Louis Sclavis/Dominique Pifarély: Acoustic Quartet (ECM 1526)

Louis Sclavis
Dominique Pifarély
Acoustic Quartet

Louis Sclavis clarinet, bass clarinet
Dominique Pifarély violin
Marc Ducret 6- and 12-string guitars
Bruno Chevillon double-bass
Recorded September 1993 at Rainbow Studio, Oslo
Engineer: Jan Erik Kongshaug
Produced by Manfred Eicher

After debuting with his quintet on Rouge, reedist Louis Sclavis returned to ECM with French jazz violin phenom Dominique Pifarély to front this trend-setting session. Joined by guitarist Marc Ducret and bassist Bruno Chevillon, the so-called Acoustic Quartet snaps right into action with “Sensible,” the first of four pieces by Sclavis. It is, like every track that follows, an astute blend of composed and improvisatory elements that pairs instruments cleverly and with panache. Pifarély and Chevillon work particularly well together here, and Ducret’s jangly asides make a nice match for Sclavis’s clarinet. Ducret provides notable glue in “Elke,” in which bass harmonics cut through the darkness like a whale song, and elicits some oud-like tones in the playful “Rhinoceros.”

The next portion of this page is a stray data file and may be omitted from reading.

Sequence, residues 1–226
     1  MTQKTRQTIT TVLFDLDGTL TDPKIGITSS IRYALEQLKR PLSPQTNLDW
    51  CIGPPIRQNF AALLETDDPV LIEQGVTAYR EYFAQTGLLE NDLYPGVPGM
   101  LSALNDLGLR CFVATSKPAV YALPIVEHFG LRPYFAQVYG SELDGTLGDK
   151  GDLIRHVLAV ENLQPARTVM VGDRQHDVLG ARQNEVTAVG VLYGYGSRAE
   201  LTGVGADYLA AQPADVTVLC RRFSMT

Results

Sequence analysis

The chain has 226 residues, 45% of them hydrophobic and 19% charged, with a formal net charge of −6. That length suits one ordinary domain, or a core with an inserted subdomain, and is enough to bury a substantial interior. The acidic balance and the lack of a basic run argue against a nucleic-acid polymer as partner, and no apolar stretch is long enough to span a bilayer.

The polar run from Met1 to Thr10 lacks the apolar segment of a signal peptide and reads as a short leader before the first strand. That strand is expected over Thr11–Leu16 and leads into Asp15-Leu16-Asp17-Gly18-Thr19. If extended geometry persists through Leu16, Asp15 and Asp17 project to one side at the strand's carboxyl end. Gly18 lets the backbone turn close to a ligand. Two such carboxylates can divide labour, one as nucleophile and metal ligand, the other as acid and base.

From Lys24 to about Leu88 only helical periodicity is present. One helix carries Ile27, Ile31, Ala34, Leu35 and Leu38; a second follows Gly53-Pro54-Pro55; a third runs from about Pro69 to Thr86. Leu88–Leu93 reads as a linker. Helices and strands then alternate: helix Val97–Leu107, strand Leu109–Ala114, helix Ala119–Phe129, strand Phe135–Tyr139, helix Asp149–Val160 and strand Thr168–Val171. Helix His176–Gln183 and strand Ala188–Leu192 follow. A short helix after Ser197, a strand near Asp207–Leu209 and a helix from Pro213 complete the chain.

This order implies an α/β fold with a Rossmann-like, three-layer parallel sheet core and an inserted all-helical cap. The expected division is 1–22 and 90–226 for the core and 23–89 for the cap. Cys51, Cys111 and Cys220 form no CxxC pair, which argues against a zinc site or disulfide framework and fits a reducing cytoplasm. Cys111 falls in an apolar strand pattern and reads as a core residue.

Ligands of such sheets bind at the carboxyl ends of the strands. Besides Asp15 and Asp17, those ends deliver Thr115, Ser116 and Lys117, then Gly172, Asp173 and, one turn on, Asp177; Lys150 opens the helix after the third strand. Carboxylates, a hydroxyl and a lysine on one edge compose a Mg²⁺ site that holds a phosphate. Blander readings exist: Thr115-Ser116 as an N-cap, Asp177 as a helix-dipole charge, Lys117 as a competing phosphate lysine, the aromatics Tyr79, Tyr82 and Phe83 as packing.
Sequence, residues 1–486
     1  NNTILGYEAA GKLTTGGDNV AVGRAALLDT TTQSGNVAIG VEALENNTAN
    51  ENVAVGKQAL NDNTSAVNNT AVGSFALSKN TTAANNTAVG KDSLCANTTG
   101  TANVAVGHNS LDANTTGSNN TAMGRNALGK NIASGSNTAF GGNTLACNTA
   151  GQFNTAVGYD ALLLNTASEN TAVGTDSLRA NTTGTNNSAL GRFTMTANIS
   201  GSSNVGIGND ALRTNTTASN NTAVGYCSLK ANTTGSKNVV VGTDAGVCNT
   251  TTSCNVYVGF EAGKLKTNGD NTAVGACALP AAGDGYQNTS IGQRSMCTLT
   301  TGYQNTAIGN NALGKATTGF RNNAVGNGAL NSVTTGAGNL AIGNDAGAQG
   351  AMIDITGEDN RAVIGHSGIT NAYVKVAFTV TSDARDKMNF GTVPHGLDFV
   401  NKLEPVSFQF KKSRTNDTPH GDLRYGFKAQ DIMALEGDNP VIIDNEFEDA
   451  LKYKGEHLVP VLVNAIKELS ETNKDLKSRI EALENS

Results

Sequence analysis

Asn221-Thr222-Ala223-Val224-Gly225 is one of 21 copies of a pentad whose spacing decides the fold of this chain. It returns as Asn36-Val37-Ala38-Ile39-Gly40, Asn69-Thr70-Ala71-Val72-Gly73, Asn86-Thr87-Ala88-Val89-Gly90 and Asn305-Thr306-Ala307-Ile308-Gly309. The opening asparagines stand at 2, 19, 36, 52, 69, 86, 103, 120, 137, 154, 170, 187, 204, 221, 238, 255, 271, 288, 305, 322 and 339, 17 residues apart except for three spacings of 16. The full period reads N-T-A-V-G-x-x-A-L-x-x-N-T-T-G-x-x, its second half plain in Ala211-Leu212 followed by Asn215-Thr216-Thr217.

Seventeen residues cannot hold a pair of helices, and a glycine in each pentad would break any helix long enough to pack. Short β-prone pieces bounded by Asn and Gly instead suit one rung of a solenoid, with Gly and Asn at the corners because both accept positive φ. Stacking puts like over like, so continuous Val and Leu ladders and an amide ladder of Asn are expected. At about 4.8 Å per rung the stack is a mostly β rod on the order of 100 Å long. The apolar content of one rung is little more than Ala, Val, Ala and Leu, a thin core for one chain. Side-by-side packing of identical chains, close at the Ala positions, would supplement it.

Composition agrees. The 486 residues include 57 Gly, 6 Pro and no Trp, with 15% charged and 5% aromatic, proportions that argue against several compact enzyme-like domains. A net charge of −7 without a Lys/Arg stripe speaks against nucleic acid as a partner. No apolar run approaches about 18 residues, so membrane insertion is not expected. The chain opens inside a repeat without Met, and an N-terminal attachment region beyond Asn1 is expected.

Pifarély delights with a handful of his own compositions. Of these, the guitar-propelled romp of “Abrupto” speaks loudest. The violinist strings a Christmas tree’s worth of ornaments across its conical surface, practically toppling it into the cutting lead of “Hop!” where he lays out the album’s most astonishing solo against a crunchy bass. Not to be outdone, Sclavis dots his every i and lends brilliant inflection to a substantial monologue in “Seconde.” The group also shines in its cinematic rendition of Alain Gibert’s “Bafouée.” Its nods range from Django Reinhardt to klezmer, each stretched and refracted behind a veil of sparkling melancholy.

Pifarély boggles the mind with his rhythm and slide in a group overflowing with virtuosity. Yet it is Sclavis who seems most comfortable in his skin, weaving in and out of narrow spaces with the grace of an eel. The composed material, while on the surface pedantic, provides a frame to see the fullness of every picture. The resulting Sturm und Drang atmosphere when the musicians discard prewritten material in favor of all-out storytelling makes for some intriguing music-making. All in all, a real gem.

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